From dragons in Essos to '80s nostalgia in San Junipero, 2016 in television has given us so much. Here's our list of the best TV of 2016.
If Lena Dunham’s millennial-defining series lost its way in its fourth season, everything came zinging back into focus for season five. Having watched Hannah and her friends/frenemies spend forever wallowing in various self-delusions, it was a joy to see them finally starting to, y’know, grow up a bit (albeit in reliably painful ways). The finale was perhaps the most hilarious, heartbreaking episode of the show’s entire run, with a Sex and the City-esque ending that shouldn’t have worked but totally did.
Mixing some conflict in with the comedy for season three – Abbi’s squirmy lies to Ilana over her relationship with Trey – Broad City continued to be the daftest, realest depiction of female BFF-ery on TV, able to switch between warm relatability and scatological surreality at the drop of a hat. Side-note: we demand a spin-off show for Mona and Winona, the amazing air hostesses from the uproarious Abbi-gets-her-period-on-a-plane episode.
It’s to Transparent's credit that, while its basic premise centres on a super-zeitgeisty issue – an older parent transitioning from male to female – it never feels like that’s all the show’s about. At its heart, it’s a study of how one damaged family copes when long buried secrets come rumbling up to the surface – sometimes triumphantly, often dysfunctionally. We haven’t seen characters this complex and ripe for armchair analysis since Mad Men.
Watching the hit-and-miss early episodes of Netflix’s animated comedy BoJack Horseman back in 2014, it seemed unlikely it’d ever make it to a third season, let alone blossom into one of the sharpest and most affecting shows out there. Death, depression, addiction and the horror of watching your life spiral down the plughole – not subjects you’d expect to find skilfully handled in a goofy cartoon about a guy with a horse’s head, and yet here we are.
It’s not like OJ Simpson’s tale was one that had yet to be told – his original murder trial and its notorious verdict received obsessive media coverage around the globe – but this painstaking recreation of those divisive days felt horribly compulsive nonetheless. Much of the credit goes to Cuba Gooding Jr. for his shudder-inducing portrayal of Simpson, and to David Schwimmer as Robert Kardashian, slowly and wrenchingly coming to doubt his best friend’s innocence.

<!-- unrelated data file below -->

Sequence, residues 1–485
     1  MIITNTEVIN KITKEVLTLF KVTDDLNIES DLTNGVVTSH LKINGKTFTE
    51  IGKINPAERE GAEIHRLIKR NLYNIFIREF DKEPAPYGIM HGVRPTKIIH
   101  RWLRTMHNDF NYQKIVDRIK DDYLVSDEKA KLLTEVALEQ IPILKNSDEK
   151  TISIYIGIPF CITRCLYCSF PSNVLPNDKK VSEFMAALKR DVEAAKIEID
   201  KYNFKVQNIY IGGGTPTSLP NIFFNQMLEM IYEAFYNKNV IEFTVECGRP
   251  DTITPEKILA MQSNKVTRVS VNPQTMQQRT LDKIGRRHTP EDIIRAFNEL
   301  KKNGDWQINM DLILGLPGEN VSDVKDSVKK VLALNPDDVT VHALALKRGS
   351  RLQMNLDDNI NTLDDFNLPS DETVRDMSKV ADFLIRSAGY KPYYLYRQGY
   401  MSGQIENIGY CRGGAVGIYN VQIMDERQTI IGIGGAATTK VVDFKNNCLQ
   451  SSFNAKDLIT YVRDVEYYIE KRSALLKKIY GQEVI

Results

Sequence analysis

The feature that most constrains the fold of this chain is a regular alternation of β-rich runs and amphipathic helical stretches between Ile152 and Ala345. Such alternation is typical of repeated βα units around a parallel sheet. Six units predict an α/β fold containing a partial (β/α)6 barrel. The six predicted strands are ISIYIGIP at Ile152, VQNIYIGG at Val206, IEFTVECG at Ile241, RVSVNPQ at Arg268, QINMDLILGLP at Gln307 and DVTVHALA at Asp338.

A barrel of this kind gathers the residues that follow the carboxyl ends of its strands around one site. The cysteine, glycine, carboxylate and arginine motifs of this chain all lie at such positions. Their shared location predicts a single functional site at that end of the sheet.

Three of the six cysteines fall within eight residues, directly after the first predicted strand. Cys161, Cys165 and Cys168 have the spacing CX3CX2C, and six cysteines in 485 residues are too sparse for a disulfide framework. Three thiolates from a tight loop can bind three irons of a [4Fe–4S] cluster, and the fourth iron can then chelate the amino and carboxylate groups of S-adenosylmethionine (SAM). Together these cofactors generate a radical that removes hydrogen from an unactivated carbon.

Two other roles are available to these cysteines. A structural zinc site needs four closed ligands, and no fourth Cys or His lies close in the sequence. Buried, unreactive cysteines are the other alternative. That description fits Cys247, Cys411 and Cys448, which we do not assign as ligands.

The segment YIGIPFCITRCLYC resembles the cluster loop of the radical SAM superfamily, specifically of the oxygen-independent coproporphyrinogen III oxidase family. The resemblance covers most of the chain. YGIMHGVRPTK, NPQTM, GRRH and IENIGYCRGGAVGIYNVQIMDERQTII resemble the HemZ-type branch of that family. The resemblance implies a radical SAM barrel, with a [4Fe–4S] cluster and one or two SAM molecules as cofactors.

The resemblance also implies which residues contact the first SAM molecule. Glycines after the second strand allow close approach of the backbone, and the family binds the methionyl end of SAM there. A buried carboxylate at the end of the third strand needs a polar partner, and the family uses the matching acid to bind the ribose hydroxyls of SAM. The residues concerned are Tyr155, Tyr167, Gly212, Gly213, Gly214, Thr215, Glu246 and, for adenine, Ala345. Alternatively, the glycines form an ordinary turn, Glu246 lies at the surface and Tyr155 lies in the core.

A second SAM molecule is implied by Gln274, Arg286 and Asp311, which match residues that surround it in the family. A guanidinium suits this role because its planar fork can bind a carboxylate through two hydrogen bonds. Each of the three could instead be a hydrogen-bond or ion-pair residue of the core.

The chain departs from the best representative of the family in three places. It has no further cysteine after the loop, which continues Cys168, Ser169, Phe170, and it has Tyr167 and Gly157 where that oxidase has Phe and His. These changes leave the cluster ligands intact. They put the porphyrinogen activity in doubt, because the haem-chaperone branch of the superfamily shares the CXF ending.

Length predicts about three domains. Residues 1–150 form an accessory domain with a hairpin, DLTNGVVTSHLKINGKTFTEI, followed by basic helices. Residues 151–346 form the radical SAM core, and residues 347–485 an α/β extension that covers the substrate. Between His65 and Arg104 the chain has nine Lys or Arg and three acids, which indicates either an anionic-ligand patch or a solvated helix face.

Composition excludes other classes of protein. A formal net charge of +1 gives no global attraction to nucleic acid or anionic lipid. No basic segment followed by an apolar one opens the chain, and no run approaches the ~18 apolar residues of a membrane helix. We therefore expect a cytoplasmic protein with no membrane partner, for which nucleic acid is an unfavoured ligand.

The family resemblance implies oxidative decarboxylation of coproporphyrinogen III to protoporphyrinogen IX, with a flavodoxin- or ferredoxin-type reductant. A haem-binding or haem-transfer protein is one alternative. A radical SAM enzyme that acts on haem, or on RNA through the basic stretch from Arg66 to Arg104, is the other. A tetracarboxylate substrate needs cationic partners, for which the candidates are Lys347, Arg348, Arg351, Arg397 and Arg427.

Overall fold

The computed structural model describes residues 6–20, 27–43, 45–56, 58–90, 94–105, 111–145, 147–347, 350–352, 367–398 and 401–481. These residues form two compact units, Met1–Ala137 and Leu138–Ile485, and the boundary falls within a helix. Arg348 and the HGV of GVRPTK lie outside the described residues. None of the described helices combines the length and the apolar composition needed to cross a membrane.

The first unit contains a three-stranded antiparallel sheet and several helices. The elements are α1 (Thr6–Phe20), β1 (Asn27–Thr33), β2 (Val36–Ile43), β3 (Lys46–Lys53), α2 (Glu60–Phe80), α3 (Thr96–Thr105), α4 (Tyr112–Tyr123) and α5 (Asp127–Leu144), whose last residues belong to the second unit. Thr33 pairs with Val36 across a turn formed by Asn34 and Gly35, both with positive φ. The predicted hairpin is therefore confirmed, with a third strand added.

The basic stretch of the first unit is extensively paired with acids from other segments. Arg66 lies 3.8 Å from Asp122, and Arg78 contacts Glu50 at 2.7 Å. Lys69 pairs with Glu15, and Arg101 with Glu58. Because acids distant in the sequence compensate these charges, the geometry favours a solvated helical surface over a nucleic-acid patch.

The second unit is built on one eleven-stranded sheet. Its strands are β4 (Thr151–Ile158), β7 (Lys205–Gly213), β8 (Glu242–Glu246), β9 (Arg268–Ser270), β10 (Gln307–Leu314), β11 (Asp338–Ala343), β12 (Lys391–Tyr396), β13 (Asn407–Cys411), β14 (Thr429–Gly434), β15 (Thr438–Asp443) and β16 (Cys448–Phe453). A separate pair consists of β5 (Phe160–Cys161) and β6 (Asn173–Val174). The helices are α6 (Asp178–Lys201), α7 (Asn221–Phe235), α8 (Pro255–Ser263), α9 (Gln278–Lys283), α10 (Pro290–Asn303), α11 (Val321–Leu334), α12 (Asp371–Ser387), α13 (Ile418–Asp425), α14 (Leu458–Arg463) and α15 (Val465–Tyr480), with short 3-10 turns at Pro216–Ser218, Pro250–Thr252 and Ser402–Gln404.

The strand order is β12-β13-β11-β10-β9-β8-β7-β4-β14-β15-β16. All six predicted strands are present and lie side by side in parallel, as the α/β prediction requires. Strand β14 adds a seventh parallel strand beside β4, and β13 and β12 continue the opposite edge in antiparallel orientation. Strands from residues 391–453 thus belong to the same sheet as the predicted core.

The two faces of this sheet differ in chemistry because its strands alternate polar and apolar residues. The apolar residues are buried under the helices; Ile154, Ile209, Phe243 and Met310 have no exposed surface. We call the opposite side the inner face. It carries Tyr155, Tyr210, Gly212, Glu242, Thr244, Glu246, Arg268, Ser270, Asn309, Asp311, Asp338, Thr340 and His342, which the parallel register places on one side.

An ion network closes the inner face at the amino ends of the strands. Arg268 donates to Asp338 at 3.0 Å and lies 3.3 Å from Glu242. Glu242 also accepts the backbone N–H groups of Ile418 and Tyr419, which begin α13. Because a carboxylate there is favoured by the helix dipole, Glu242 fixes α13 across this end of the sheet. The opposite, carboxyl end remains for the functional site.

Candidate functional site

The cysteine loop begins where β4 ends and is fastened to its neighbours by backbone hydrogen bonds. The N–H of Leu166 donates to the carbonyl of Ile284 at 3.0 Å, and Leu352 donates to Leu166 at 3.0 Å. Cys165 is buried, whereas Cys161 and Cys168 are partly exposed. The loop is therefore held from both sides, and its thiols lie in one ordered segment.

Spinning out of a one-woman play performed at Edinburgh Festival, Phoebe Waller-Bridge’s ‘Fleabag’ marked the emergence of a bold new voice in British comedy. The titular character was hedonistic, razor-witted and occasionally kind of evil, but with surprising hidden depths that, once revealed, cast her behaviour in an entirely different light. It’s probably a bit reductive to call Waller-Bridge ‘the new Sharon Horgan’, but we’ve gone and done it now so that’s that.
Another batch of near-future nightmares, as Charlie Brooker's anthology show once again had you wondering if you should delete all social media apps. The highlight of this third series, however, was actually (sort of) uplifting rather than terrifying: 'San Junipero' depicted love conquering all in a digital afterlife, eliciting more crying-emoji postings than anything else that's hit our screens this year.
The biggest, baddest show on TV finally ran out of plotlines to lift from the doorstop-sized novels that it’s based on, but it ploughed on regardless and didn’t miss a beat. Who needs ya, George RR Martin! (Seriously though, do hurry up and finish that next book, yeah?) Producers of The Walking Dead take note: this is how you crank up the carnage levels and resurrect a much-loved ‘dead’ character without completely doing your audience’s heads in.
The cast of 'Stranger Things'